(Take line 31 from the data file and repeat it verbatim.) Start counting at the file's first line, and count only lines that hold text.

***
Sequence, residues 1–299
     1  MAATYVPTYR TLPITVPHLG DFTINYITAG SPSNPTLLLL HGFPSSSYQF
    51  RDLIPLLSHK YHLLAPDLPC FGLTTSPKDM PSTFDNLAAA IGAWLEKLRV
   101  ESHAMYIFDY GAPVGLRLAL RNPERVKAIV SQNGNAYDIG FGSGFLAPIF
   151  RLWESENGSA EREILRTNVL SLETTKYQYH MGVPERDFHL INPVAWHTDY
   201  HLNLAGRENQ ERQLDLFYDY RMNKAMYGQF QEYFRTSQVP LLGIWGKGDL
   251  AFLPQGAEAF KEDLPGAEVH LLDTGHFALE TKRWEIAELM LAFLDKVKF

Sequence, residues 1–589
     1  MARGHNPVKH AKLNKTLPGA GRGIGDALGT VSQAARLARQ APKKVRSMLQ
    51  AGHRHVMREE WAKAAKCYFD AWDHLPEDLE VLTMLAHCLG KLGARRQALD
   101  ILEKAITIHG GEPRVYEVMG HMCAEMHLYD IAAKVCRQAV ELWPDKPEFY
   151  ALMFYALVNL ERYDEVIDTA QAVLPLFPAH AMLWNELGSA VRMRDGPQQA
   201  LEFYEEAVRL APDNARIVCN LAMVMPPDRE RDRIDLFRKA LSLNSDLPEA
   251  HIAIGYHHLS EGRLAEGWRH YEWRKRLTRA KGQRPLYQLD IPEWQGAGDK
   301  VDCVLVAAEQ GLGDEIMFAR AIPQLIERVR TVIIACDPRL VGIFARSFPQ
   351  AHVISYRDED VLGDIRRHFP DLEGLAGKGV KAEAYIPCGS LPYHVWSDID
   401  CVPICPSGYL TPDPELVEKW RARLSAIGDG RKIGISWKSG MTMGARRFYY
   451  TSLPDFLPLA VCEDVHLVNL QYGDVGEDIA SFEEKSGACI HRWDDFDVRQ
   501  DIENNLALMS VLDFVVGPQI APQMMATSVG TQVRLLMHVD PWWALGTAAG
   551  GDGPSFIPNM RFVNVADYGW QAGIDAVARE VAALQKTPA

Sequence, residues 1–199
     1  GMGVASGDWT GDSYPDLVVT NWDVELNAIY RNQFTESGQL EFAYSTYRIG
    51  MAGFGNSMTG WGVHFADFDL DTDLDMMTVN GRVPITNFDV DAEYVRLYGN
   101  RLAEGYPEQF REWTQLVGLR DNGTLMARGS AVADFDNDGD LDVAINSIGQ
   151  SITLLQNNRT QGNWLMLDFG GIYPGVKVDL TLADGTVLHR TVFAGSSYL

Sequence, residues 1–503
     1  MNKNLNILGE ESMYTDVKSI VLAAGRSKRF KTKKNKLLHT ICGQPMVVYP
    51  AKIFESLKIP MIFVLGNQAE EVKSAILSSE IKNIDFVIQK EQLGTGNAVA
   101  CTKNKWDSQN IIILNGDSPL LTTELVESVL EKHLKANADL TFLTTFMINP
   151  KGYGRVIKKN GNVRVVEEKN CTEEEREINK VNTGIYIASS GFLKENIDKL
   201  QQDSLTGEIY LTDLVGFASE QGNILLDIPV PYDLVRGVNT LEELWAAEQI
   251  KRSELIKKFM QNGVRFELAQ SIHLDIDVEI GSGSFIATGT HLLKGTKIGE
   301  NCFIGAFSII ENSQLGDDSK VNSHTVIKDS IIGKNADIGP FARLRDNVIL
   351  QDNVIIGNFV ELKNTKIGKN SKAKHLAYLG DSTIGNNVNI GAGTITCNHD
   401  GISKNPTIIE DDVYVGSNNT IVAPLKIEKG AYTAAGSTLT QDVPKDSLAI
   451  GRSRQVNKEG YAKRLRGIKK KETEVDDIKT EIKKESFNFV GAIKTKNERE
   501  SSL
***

   201  QQDSLTGEIY LTDLVGFASE QGNILLDIPV PYDLVRGVNT LEELWAAEQI